Alamance County’s commissioners officially kicked off the annual budget process on Wednesday (April 21) with the first day of a two-day “retreat” that they’ve scheduled to hear spending requests from the various departments and agencies that receive funds from the county.
Wednesday’s marathon session allowed the commissioners to hear from some of the county’s largest beneficiaries, including the Alamance-Burlington school system, Alamance Community College, and the office of Alamance County’s sheriff.
The commissioners also received a broad overview of this year’s requests from Alamance County’s manager Bryan Hagood, who warned that the numbers that would be presented to them would be raw, unexpurgated proposals that he’ll ultimately have to pare back before he presents his recommended budget next month.
“This gives you a chance,” Hagood told the commissioners, “to hear what [the county’s departments and agencies] are trying to accomplish for county citizens and why they think that’s important…On May 17, I will be bringing into a new manager’s budget to share with you. It will be balanced.”
According to Hagood, the county’s own departments and agencies have collectively requested $131,516,621 – a 12.76 percent increase over their current budgets, which total $116,637,122. Meanwhile, the Alamance-Burlington school system and Alamance Community College are seeking $53,688,520, or 14.33 percent more than their present allocations of $46,957,454. Other outside agencies have asked for a cumulative $4,932,221 or 12.97 percent more than their current allowances of $4,365,794.
The county manager said that, all told, his office has received $190,137,362 in spending requests, or roughly a 13.20 percent jump from the $167,960,370 that it presently spends.
“So, there is a large gap between the budget request and the 2021 adopted budget – about $22 million,” he acknowledged.
Hagood went on to inform the commissioners that the requests they would hear would include 31 additional positions with a total projected cost of $1,707,027. The county manager said that the county’s legal department, the deeds office, and veterans services are also seeking another $59,632 for the “reclassification” of certain positions. Meanwhile, five other departments have collectively asked for $95,499 to establish so-called career ladders that would reward employees who obtain additional training or certification.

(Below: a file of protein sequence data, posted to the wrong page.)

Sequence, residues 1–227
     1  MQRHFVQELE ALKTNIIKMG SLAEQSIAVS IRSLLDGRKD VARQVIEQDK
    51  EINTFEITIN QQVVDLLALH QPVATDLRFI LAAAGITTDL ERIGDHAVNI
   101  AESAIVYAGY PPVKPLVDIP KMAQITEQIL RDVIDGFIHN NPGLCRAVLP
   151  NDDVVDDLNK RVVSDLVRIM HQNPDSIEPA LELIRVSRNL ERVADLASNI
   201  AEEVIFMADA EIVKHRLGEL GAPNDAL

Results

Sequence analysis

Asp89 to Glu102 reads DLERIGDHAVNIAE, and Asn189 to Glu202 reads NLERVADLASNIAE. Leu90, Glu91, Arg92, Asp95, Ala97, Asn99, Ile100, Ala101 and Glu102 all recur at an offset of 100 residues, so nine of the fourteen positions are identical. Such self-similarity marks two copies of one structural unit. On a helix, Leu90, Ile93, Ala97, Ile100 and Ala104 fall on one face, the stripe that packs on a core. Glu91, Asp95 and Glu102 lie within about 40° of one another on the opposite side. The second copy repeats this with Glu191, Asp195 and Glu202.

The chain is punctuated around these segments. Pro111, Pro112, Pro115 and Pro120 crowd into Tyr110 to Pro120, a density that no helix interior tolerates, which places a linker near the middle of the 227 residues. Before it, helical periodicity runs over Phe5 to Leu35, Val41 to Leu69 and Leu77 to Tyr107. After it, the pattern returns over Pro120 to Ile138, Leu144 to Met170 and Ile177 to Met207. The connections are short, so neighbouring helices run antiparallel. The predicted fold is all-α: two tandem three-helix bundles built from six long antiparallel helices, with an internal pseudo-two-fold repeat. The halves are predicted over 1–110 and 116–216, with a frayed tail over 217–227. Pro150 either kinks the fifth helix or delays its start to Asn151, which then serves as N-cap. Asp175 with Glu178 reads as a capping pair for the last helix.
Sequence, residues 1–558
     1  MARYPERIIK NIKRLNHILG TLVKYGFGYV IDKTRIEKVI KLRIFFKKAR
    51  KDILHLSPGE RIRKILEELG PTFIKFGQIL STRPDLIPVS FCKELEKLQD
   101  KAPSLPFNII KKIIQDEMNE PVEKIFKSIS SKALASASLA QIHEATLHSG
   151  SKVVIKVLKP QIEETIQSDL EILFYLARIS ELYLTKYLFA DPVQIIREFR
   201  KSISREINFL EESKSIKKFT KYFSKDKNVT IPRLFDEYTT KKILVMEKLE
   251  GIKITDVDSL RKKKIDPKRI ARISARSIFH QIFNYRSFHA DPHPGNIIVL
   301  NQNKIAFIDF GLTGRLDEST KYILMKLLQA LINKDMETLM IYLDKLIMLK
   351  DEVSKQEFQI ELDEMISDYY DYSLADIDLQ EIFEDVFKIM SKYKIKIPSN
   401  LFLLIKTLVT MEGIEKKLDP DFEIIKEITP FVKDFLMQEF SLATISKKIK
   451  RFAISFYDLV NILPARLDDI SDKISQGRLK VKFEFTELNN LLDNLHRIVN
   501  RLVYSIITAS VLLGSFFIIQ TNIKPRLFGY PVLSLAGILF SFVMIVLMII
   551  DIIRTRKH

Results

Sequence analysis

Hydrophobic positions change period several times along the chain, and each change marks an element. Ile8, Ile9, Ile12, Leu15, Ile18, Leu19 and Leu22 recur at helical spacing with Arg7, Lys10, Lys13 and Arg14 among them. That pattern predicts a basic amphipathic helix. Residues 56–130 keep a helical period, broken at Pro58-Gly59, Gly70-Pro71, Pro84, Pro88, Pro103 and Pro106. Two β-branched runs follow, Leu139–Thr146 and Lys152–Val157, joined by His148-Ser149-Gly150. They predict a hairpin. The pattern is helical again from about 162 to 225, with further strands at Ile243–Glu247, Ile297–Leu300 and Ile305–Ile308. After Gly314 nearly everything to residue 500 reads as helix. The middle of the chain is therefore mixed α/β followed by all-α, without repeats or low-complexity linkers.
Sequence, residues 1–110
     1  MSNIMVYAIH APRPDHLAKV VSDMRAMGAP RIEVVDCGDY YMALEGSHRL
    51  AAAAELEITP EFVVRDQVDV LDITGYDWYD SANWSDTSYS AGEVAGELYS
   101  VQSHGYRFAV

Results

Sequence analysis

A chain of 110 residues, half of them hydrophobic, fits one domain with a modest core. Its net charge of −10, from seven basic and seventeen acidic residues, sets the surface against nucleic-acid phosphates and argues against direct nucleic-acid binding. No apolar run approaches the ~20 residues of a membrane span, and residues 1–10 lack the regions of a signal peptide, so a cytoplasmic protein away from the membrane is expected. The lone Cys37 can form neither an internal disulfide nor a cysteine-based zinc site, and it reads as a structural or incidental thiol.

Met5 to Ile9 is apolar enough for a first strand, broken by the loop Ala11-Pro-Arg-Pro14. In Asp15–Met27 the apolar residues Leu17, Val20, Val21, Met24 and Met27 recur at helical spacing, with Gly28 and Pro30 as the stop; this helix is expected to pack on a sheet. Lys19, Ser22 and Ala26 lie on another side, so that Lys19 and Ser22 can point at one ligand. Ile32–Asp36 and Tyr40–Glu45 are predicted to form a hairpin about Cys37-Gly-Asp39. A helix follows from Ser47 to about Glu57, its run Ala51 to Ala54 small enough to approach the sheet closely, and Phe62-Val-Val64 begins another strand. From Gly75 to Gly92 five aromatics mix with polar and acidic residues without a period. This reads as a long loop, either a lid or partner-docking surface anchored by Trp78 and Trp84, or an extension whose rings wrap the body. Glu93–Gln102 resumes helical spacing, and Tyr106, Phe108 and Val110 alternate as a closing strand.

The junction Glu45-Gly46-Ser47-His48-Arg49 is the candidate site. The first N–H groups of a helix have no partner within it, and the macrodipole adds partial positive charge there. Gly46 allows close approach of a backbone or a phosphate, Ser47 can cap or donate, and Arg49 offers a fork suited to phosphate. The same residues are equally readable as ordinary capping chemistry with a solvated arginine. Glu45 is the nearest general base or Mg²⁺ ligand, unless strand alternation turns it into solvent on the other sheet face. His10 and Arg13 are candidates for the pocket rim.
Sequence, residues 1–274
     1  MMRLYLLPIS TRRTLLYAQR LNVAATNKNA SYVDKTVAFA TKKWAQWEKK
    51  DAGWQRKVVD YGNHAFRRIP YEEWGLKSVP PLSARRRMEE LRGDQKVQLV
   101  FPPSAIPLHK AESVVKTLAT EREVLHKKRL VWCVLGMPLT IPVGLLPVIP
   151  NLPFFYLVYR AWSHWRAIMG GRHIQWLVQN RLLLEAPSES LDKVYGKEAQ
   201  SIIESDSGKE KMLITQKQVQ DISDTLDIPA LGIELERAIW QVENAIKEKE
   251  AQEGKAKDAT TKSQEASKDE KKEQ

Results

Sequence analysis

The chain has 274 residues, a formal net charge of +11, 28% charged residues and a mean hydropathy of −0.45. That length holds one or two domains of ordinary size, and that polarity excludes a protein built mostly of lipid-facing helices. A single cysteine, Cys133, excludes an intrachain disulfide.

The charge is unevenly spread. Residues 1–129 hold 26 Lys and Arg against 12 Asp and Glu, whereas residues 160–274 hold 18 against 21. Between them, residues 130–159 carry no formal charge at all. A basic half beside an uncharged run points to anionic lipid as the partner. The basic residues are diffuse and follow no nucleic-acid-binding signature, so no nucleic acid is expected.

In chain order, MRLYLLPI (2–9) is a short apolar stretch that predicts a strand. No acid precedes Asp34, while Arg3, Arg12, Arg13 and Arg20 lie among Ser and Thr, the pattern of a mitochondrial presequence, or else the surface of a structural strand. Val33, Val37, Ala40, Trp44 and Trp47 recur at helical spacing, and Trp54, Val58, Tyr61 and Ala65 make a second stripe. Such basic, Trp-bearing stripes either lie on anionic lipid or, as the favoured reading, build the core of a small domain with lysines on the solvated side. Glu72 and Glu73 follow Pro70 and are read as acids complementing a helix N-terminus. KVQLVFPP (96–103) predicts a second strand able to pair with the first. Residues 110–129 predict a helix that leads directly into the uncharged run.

The county manager also touched on the various requests for equipment and vehicles that his office has received from the county’s departments. The county current funds these capital purchases with the proceeds from a .96-cent share of its property tax. Hagood told the commissioners that the county expects to have $1,467,014 available for this “penny plan” in the new fiscal year. He added, however, that $401,330 of this revenue will go toward debt payments for previous equipment purchases. In the meantime, the county manager’s office has received $1,767,661 in requests for the remaining funds, leaving $701,977 or so that wouldn’t be covered by the available revenue.
Hagood told the commissioners that the county will have to send another $623,404 of its overall revenues to the state retirement system to cover an anticipated increase of 1.2 percent in the county’s contributions for sworn deputies and civilian employees.
The county manager went on to present a couple of other, optional allocations to the commissioners that concerned large swaths of the county government’s workforce. He shared, for example, the anticipated price tags for a 2-percent merit-based raise and 2-percent cost-of-living adjustment, which are expected to run $549,187 and $1,297,663 respectively. Hagood said that it would also cost the county $740,226 to fund an existing seven-year service bonus for county staff members, while another $62,370 would be needed to cover additional prospective bonus for people who’ve spent five and six years in the county’s employ.